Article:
Jen Pollock Michel

Like a lot of writers, I read about the writing life. (A little bit of company is welcome in the solitary stretches of time.) In her book on writing, Negotiating with the Dead, Margaret Atwood suggests, "Writing has to do with darkness, and a desire or perhaps a compulsion to enter it, and, with luck, to illuminate it." Atwood confirms that writers write less of what they know—and more of what they don't.

At a panel discussion at the Festival of Faith and Writing this past spring, Dave Harrity, author of Making Manifest: On Faith, Creativity, and the Kingdom at Hand, suggested that nearly every writer of faith is a doubting Thomas. It's as if we must thrust our hands (our pens) into the mysteries—if ever we are to believe.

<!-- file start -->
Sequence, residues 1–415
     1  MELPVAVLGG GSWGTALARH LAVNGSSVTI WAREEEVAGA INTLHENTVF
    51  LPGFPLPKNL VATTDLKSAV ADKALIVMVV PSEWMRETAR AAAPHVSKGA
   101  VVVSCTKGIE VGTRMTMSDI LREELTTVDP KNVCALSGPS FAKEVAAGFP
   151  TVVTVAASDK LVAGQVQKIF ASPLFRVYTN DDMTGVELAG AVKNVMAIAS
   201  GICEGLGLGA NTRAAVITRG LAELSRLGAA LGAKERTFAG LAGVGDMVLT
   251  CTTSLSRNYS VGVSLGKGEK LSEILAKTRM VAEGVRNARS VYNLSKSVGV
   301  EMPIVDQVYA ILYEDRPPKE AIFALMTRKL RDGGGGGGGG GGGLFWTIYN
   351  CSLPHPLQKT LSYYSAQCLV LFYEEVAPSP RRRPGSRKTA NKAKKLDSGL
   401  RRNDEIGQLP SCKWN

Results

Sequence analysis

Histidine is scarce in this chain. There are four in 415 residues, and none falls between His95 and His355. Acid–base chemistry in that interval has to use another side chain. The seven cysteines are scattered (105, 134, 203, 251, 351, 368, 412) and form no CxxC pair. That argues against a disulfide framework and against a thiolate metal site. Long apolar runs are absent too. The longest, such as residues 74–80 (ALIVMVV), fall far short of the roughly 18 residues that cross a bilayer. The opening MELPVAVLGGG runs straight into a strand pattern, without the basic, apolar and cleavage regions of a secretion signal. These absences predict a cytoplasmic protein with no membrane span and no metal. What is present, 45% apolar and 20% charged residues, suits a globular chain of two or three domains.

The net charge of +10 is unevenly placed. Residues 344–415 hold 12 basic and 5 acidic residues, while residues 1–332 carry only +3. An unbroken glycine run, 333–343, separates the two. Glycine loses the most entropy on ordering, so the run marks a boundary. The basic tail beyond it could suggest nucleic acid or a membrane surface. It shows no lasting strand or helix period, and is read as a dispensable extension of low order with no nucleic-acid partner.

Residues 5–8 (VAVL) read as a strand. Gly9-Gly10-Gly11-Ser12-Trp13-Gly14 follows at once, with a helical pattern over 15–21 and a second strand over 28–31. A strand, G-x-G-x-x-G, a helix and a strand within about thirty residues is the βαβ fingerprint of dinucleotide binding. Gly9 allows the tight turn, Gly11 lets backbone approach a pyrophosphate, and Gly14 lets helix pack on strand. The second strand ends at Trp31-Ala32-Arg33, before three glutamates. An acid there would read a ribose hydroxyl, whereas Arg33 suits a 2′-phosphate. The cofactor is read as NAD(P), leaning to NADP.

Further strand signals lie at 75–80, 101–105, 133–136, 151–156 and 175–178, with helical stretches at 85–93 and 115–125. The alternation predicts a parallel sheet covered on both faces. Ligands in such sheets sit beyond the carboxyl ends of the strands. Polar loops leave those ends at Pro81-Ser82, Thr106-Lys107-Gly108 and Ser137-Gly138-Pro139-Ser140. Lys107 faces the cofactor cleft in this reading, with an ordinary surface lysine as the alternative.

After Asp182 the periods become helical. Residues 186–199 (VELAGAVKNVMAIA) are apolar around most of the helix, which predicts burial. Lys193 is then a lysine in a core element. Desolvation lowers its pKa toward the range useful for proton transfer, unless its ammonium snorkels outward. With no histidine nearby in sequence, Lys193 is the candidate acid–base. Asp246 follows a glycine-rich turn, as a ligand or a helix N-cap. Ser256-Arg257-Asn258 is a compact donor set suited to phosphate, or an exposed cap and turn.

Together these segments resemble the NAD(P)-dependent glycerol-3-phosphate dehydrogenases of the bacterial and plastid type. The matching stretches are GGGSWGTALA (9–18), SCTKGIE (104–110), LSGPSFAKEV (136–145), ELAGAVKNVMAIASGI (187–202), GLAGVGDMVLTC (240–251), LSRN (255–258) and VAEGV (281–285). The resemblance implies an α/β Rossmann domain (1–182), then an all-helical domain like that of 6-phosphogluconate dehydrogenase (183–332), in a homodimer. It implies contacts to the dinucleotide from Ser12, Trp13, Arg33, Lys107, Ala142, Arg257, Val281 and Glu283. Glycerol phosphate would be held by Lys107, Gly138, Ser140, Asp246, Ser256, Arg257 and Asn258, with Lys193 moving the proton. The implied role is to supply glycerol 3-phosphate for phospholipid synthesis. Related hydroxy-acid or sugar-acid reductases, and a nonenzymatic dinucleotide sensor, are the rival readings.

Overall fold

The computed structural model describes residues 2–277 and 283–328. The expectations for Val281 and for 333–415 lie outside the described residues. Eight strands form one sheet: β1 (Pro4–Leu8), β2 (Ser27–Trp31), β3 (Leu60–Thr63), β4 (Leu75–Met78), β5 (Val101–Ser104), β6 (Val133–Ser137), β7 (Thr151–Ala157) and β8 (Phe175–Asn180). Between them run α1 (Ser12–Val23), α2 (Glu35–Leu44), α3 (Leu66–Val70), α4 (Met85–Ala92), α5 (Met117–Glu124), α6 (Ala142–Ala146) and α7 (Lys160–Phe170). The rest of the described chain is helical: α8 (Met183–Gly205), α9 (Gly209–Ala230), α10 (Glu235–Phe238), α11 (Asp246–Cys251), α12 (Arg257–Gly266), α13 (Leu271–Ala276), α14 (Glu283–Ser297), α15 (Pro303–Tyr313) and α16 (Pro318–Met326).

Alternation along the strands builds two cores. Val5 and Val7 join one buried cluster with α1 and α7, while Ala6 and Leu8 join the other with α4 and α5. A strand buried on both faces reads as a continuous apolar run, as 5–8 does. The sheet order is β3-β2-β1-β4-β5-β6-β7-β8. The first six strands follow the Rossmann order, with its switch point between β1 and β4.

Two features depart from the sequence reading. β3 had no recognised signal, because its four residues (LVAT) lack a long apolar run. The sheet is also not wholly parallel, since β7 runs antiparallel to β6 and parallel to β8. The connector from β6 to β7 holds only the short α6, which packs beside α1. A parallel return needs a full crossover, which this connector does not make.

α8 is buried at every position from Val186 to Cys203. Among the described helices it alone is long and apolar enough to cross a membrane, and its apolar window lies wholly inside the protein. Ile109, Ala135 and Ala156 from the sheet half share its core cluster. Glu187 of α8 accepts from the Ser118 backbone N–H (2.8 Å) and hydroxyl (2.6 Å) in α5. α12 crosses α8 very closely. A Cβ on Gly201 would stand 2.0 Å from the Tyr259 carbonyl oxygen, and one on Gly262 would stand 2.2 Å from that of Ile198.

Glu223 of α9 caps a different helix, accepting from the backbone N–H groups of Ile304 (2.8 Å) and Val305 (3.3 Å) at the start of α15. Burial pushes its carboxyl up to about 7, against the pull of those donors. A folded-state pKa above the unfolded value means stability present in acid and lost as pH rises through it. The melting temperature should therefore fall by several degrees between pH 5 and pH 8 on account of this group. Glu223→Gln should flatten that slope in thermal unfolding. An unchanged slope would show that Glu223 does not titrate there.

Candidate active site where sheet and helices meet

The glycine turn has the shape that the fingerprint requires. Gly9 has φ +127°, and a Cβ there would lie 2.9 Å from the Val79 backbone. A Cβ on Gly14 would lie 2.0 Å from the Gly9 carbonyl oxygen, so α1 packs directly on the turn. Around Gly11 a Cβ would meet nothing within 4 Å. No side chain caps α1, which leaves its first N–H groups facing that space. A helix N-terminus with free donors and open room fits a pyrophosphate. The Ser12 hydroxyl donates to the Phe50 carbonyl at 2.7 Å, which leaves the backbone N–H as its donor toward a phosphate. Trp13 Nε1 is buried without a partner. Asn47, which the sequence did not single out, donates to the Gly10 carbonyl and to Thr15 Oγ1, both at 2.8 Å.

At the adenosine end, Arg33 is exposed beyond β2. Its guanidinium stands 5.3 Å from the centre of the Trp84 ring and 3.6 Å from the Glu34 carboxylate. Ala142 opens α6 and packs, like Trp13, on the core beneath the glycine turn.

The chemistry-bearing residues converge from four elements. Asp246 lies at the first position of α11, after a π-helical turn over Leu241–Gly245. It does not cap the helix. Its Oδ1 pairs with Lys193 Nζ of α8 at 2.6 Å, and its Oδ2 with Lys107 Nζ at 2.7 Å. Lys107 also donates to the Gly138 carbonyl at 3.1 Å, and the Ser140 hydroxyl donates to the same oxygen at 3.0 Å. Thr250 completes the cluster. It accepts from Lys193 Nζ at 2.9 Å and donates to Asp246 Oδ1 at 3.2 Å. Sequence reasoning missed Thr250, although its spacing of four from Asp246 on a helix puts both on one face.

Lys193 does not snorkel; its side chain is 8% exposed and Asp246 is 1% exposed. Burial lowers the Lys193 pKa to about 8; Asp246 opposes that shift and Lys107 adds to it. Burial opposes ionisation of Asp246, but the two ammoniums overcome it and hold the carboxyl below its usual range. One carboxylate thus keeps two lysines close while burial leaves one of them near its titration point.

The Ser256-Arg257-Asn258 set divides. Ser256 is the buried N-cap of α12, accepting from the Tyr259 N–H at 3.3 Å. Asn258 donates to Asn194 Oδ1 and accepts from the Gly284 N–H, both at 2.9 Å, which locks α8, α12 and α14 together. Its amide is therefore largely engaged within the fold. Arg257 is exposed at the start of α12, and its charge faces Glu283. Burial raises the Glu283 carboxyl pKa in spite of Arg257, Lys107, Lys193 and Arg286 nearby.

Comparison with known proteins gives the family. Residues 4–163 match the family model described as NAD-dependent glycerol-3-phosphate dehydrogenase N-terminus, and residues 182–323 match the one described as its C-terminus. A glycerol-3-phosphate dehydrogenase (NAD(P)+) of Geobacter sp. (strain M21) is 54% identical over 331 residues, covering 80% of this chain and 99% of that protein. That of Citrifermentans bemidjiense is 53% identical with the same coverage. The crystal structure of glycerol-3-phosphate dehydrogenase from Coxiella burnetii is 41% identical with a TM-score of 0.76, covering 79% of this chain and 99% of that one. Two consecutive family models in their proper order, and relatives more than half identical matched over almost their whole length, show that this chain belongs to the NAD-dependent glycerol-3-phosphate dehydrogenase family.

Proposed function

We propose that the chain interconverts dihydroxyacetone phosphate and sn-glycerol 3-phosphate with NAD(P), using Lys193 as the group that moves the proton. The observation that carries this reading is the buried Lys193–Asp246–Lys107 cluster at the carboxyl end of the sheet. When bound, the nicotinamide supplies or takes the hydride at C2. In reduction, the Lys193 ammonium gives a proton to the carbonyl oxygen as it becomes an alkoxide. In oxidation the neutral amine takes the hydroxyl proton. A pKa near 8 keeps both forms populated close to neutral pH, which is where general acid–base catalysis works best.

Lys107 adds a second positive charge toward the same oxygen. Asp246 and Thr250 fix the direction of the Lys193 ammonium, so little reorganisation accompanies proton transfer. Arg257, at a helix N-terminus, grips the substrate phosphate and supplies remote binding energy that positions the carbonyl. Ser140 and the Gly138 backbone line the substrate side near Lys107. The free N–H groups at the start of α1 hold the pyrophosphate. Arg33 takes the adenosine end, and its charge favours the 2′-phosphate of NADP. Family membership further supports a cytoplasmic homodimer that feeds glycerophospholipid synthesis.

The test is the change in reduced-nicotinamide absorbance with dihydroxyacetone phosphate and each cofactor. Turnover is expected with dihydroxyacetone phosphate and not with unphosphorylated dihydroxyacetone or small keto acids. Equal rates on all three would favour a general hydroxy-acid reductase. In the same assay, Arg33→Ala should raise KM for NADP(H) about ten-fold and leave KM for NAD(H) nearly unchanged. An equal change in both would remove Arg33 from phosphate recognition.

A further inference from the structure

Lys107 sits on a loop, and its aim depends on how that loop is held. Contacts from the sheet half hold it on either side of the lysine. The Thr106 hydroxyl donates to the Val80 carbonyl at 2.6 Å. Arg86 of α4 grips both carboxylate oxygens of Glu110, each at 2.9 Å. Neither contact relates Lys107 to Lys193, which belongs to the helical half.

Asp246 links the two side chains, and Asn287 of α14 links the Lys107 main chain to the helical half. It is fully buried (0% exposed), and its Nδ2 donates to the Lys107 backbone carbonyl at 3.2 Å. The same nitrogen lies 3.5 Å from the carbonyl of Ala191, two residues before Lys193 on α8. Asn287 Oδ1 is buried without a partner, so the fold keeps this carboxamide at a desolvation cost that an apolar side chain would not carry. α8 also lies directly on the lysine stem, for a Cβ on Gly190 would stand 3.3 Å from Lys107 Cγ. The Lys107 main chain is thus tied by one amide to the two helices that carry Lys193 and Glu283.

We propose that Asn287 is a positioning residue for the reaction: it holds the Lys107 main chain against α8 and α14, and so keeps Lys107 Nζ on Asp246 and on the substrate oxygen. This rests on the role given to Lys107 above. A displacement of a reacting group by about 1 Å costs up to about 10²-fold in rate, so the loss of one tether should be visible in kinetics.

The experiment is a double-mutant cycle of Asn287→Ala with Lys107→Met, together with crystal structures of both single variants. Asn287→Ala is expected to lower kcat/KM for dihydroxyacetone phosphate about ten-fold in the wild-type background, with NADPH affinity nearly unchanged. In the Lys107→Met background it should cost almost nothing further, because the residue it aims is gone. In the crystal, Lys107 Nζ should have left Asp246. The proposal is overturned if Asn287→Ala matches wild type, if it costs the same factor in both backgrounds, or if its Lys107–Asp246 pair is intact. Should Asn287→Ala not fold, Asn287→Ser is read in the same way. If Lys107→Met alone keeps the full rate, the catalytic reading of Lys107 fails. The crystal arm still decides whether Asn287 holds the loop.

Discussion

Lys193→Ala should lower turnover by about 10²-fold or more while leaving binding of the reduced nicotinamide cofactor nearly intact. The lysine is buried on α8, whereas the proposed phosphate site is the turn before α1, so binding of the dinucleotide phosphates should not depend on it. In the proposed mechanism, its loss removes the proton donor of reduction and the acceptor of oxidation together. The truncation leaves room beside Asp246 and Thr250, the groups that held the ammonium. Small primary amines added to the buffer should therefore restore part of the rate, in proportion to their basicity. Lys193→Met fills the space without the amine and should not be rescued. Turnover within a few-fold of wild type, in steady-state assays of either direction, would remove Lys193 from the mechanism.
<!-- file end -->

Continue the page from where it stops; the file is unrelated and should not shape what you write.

But maybe believing doesn't ever come easy to any of us. Maybe faith is always difficult terrain to travel, no matter how many easy-believisms we're handed for stability. One such maxim, like a crutch for a limp, was frequently proposed for support by the pastors of a church my husband and I used to attend: God's Word says it. I believe it. That settles it.

I've grown to hate this phrase. I don't hate it so much for what it says—because it's true that our lives must conform to God's standards for obedience. But I guess I hate it for what it leaves out: the struggle between the periods. A phrase like that makes me feel as if I'm doing something wrong when God speaks and I'm reluctant and fearful, when I believe and it settles very little. Faith, at least as I live it (and as I see it lived in Scripture), feels a little more like a vigorously shaken pop can than a placid countryside pond.

And maybe that's ...

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